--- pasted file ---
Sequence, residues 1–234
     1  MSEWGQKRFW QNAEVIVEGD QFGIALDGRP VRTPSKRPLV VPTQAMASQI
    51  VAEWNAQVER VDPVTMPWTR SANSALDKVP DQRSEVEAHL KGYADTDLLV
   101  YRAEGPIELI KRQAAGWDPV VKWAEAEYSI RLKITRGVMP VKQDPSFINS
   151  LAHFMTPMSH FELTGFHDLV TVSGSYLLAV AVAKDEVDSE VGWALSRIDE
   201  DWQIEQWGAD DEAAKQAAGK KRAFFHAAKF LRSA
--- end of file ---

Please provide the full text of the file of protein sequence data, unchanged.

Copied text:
Sequence, residues 1–234
     1  MSEWGQKRFW QNAEVIVEGD QFGIALDGRP VRTPSKRPLV VPTQAMASQI
    51  VAEWNAQVER VDPVTMPWTR SANSALDKVP DQRSEVEAHL KGYADTDLLV
   101  YRAEGPIELI KRQAAGWDPV VKWAEAEYSI RLKITRGVMP VKQDPSFINS
   151  LAHFMTPMSH FELTGFHDLV TVSGSYLLAV AVAKDEVDSE VGWALSRIDE
   201  DWQIEQWGAD DEAAKQAAGK KRAFFHAAKF LRSA